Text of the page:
Martinez Hewlett and Ted Peters: Who Sets the Evolution Agenda?

Hewlett and Peters are the next scientists, in a long line of scientists, who have written about the scientific vacuity of Intelligent Design. The understanding that it is unnecessary to argue about whether or not ID is science has allowed scientists to focus on the lack of fertility or as others call it the ‘scientific vacuity’ of Intelligent Design. In their paper, Who Sets the Evolution Agenda? published in Theology and Science, Vol. 4, No. 1, 2006, Martinez Hewlett, a professor Emeritus at the Department of Molecular and Cellular Biology of the University of Arizona and Ted Peters, a professor of Systematic Theology at Pacific Lutheran Theological Seminary, explain their objections to Intelligent Design:

In the meantime, we work with the premise that the Darwinian model is the best model for apprehending evolutionary biology. We believe the Darwinian model has proved itself the most fertile. It leads to new knowledge, which demonstrates its fertility. The difficulty with the Intelligent Design and Creationist models is that they lack fertility. They fail to produce progressive research programs. In a scientific sense, they cannot produce testable models. We believe that the dialogue with theology must take place with the best of science, not with a substitute that is a philosophical position and not science at all.

Rather than letting Intelligent Design set the agenda for discussing evolution, science and theology should focus on a more fruitful discussion which avoids the errors of Intelligent Design’s philosophical position. But ignoring the powerful and well funded politics of ID’s Discovery Institute may not be simple as their public relations efforts to ‘teach the controversy’ have caused much unnecessary pain politically and economically (for instance the Dover debacle cost hundreds of thousands of dollars, not including the fees of some of the witnesses).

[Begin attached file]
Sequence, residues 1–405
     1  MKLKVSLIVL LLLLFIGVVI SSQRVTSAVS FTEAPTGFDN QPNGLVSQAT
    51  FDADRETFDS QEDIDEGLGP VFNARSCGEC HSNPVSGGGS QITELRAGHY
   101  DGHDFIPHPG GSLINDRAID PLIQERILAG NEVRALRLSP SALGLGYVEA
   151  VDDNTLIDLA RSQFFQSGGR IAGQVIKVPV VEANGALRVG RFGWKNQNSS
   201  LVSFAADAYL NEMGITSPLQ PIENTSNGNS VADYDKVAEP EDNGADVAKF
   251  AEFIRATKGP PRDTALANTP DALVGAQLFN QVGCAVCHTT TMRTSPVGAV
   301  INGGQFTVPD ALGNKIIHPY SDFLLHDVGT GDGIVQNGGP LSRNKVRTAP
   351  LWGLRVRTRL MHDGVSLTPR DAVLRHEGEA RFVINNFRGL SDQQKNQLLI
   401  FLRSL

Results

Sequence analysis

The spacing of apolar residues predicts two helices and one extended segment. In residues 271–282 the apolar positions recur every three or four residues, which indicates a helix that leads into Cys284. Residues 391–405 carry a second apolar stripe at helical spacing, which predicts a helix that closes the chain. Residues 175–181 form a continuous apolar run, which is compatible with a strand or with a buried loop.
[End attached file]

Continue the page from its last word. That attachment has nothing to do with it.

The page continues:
As Hewlett and Peters point out, the neo-Darwinian model represents the best science so far. In 1998 the CTNS and the Vatican Observatory published a range of excellent essays, Evolutionary and Molecular Biology: Scientific Perspectives on Divine Action which identified many points which require science and theology to work together to develop a consistent and coherent theology. At the same time, the interventionist approach put forth by ID was considered to be “hardly … worthy of further investigation”.

The authors propose a more fruitful hypothesis which avoids the ID pitfalls.

The hypothesis we would like to run up the flagpole is this: God has a purpose for nature, even if the methods of scientific research cannot discern purpose within nature. We would like to begin with the assumption made by evolutionary biologists that their task is not to discern an inner telos or design that would divert them from pursuing naturalistic explanations.

While arguing that

Because of our doctrines of creation and redemption, by faith we affirm that God has a purpose for the history of the natural world. Still, we await the completion of this history before that guiding purpose can be disclosed.

In other words, purpose is a revelation and not based on ‘ignorance’.